I have many times made the statement about educators and the free use of copyrighted material.  If you as an educator will give up your salary and all benefits, I will fight for your right to use any and all material in the classroom to educate. However, if you don’t give up your salary, why are you asking all of the creators, producers, distributors, sales people etc to work for free when you won’t do the same.


RORY>> You misunderstand me. I support the right of authors. I am one and I collect royalties. This is about a law run amuck. Copyright started off balanced with real protection for authors and real benefits for educators but since then the educators’ rights have been eroded and they continue to be eroded. What you raise is a “straw dog”. Only the most out-of-it extremists are claiming that authors should not receive just recompense. Of course they should. The publishers continually try to paint everyone who opposes their limited and one-sided view of copyright as wanting something for nothing. That is not the case. Some of us just want to restore the balance and allow authors to maintain their rights without taking educators’ rights away. So, #9 is FALSE


10. Without copyright no one will produce creative works. FALSE

Here are booming industries with no copyright protection:Perfumes, recipes, car bodies, monuments, fashion, furniture.The Grateful Dead makes c. $50m a year and anyone can legally copy or tape their concerts. 


Item 10:  Correct copyright does not protect those industries.  But there are a myriad of other laws that do in the way of Patents, Industrial Design, Trademark etc etc.  


RORY>>> Yes, and many copyright owners take full advantage of them. Good for them. But the statement remains FALSE. You don’t need copyright for creativity. However, I would agree that copyright does help artists and I support it, but not because there would be no creativity without it.

 You can support copyright as I do. I am pointing out that the argument that without copyright no one would create  works is not reasonable. Of course there would be. Creativity existed for thousands of years before copyright and will exist for thousands of years after. Not to mention the fact that the vast majority of created works are non-commercial (e. g. this discussion).#10 is FALSE.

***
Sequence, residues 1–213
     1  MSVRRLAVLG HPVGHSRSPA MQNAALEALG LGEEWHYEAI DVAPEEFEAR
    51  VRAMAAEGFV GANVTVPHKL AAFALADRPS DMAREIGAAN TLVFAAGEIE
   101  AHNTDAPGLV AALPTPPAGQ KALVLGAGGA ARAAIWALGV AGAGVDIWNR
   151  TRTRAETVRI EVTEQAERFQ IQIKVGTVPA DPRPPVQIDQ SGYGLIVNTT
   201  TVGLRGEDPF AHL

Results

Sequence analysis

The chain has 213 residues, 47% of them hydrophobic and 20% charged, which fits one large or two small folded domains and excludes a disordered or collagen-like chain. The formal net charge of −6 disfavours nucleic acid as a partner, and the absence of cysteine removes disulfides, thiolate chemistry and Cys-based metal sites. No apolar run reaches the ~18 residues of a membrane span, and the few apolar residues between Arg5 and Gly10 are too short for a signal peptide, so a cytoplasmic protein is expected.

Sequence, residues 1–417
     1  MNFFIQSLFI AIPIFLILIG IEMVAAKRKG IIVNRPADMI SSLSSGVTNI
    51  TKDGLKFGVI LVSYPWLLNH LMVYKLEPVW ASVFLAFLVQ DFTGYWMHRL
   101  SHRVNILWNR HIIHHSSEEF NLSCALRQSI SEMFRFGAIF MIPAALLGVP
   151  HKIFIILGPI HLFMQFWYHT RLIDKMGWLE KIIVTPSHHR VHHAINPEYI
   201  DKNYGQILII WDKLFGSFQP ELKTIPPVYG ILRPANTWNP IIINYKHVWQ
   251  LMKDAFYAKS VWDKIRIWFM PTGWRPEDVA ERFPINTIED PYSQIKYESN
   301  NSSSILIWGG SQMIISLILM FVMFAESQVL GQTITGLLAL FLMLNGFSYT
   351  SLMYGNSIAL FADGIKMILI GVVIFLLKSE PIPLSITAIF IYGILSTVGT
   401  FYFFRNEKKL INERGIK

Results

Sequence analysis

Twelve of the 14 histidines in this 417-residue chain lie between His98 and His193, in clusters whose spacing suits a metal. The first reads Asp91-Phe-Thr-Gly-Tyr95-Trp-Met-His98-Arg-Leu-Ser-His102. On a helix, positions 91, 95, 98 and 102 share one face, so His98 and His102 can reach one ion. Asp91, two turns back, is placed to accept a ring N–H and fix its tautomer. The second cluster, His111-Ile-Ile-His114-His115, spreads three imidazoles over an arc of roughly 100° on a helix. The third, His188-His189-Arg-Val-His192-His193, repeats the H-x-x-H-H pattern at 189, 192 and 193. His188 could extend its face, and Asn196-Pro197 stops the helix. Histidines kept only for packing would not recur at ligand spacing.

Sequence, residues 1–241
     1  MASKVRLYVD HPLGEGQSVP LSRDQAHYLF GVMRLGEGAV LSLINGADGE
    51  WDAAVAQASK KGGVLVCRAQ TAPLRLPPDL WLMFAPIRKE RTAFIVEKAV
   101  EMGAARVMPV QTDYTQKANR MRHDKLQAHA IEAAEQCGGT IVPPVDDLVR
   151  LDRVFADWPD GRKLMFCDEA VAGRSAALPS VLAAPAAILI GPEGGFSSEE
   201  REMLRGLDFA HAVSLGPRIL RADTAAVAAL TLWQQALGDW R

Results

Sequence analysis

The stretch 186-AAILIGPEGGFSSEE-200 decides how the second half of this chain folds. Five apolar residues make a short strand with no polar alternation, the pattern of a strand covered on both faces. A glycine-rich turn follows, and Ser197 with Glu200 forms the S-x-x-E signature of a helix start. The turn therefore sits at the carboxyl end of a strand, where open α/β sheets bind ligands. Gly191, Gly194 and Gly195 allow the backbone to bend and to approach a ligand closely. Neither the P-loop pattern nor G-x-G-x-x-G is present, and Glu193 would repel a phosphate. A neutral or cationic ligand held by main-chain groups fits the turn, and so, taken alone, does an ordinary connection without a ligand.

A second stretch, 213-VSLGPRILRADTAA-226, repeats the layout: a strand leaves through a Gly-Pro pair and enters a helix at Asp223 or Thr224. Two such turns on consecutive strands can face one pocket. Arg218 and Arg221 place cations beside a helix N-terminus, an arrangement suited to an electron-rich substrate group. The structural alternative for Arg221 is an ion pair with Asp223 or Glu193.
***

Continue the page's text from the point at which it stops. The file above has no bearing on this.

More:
As for your Grateful Dead making $50 million a year – you may find it interesting that they make a portion of that from selling hats, t-shirts etc etc and that material is copyrighted and trademarked.  They may release their musical material freely, but they fiercely protect their

ancillary market where they make their money with those same laws you say they don’t utilize.

Most creators of “intellectual property” don’t have the ability to utilize an ancillary market as the Grateful Dead have, and therefore can only realize any income from the sale of copies of the material they create.  To use the Grateful Dead as an example of why copyright should be free is doing an extreme disservice to those who actually create something.


RORY>> Here is the “straw dog” again. I have never supported copyright being free.  So, I would agree with you if someone were to do that would be doing a disservice not just to creators but also to him/herself.  On the other hand many creators do not have a problem with file sharing and release their content for this purpose on the Internet. At least one news report suggest that they are the majority of musicians.

CNN. (2004, December 6). Survey: Net file-sharing doesn't hurt most musicians.  Retrieved  from

Copyright protects the copyright owners. It is the educators’ rights that are being taken away. There needs to be a return to balance.

By my reckoning – you got 2 right on your own test. 

OK – I guess I have to give you Item 10 as well – so it is 30%.



  • I think this is fabulous. We so seldomly get to read good arguments anymore. I forwarded this on to faculty who teach in our debate course because students and faculty have difficulty exposing fallacies of logic.

    Caroline Park April 12, 2011 - 3:32pm